The aforementioned dream sequences feature one of the characters meeting a Native American, in a stereotypical costume, riding a horse, but he continues to try to overinflate his importance at the Battle of Little Bighorn and can’t help but cough. There’s a whole episode about an elderly relative of a character trying to sell a 15-year-old bag of weed and finding no takers in a world where marijuana has been legalized. The characters constantly utter the word “shit” for a very funny effect.
The riskiest part of Dogs Reservation could have been the cast. The show’s only four regular characters who appear in nearly every episode are four teenagers, and all are played by little-known actors.
Paulina Alexis, who plays the dry yet energetic Willie Jack, seems to have only had one credit under her belt before working on Dogs Reservation, while Lane Factor, who plays Cheese, the group’s little brother, had his first acting role in the series. The other two main stars – Devery Jacobs, who plays Elora, the girl who wants to leave town the most, and D’Pharaoh Woon-A-Tai as Bear, the de facto leader of the group – have more experience. . But Woon-A-Tai apparently had less than 10 credits under his belt when he started working on this show.
The four actors, however, form one of the best sets of teenage characters in recent memory. All of them are equally capable of comedy and drama. (Jacobs, in particular, finds new nuances in a character you’ve seen many times before, the girl from a small town who longs for something better.) The scenes where the four of them sit down and joke have chemistry. easy that never feels forced, which is hard to do in a show this young, with actors so relatively new to the game.
The guest stars that appear are also excellent. In particular, I loved Zahn McClarnon’s turn as Officer Big, who only seems timidly interested in doing his job. McClarnon is an actor with a wealth of experience, but he tends to play rather dark characters. You may remember him as a hitman in season two of Fargo and as a Native American host who is gaining in sensitivity Westworld. He is too rarely allowed to become a comic, and Dogs Reservation allows him to be incredibly stupid early and often. (He’s the officer distracted by a video of JFK’s plot in the first episode.)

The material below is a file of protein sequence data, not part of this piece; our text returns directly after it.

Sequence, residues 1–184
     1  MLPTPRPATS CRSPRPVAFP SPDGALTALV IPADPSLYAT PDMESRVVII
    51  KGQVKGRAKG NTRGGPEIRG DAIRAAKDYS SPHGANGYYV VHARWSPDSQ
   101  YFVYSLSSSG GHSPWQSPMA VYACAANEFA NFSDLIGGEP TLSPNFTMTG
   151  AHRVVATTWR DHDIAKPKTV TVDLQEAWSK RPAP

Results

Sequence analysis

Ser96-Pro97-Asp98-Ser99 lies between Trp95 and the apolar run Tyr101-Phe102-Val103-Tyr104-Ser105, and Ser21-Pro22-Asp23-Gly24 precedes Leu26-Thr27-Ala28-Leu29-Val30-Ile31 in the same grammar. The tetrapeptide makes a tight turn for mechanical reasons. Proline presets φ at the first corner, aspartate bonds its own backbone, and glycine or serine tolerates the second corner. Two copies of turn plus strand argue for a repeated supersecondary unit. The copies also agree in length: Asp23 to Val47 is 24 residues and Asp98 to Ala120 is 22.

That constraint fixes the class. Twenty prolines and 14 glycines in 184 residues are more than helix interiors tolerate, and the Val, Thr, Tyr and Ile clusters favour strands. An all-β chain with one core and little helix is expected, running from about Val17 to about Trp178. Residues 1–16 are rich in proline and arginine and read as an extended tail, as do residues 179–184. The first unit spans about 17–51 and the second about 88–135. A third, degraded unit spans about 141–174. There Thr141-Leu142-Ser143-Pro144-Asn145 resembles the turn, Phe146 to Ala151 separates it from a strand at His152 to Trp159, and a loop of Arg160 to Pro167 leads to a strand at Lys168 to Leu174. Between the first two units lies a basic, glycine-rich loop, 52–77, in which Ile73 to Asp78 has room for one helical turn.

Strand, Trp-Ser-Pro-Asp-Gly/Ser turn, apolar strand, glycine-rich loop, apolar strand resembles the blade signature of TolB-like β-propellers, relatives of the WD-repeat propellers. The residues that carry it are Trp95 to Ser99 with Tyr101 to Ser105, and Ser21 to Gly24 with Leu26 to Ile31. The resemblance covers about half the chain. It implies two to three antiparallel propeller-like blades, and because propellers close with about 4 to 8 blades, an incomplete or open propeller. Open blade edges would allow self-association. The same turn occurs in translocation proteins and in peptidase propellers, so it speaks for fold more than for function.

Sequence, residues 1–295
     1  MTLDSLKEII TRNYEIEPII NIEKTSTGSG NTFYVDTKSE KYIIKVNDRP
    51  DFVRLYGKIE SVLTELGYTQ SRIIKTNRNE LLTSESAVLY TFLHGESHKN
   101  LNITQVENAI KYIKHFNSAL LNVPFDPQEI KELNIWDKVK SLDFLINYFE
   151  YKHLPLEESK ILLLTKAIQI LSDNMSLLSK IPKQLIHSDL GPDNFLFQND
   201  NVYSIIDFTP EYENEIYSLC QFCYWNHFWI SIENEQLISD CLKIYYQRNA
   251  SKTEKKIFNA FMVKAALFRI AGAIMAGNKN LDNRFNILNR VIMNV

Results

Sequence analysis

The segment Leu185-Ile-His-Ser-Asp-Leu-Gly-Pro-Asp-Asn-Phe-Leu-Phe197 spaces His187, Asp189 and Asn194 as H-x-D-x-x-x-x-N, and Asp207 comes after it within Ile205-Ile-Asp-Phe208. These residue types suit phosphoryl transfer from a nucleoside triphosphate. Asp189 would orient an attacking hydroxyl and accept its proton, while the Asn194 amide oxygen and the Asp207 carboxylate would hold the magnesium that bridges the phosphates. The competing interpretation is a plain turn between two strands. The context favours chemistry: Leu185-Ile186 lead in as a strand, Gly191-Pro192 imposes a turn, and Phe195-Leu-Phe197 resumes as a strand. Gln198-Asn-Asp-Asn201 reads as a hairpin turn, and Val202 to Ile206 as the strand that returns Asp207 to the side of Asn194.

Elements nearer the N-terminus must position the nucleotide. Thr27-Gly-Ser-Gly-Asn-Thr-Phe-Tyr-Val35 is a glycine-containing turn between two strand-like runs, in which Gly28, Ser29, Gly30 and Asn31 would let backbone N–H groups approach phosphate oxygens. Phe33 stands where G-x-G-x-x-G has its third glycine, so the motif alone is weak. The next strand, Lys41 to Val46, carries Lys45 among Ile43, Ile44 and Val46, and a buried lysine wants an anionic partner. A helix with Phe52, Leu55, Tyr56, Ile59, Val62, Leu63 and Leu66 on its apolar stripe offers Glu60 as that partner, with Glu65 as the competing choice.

But beyond McClarnon, the guest cast is full of amazing performances. Native rappers Lil Mike and Funny Bone appear as a Greek bicycle choir, while veteran actor Gary Farmer is awkward and breathless as potential weed trafficker Uncle Brownie. There’s even a surprisingly dramatic turn for stand-up comedian Bill Burr as a driving instructor who helps Elora deal with some of her more complicated emotions.
The team behind Dogs Reservation has been adamant every step of the show’s commercial cycle that this is not another story about the tragic lives of those living on a reserve. And they are right about it. This series is above all a comedy. But it also tells a slyly moving story about teenagers who don’t know how many options they have and a community where resources are increasingly stretched. It’s a hilarious show, but it’s also a beautiful show, adding to one of the best first seasons of a comedy in quite some time.
Dogs Reservation ” the first season is available in on Hulu. A second season has been picked up and will likely debut in 2022. For more recommendations from the growing world, check out the A good thing archives.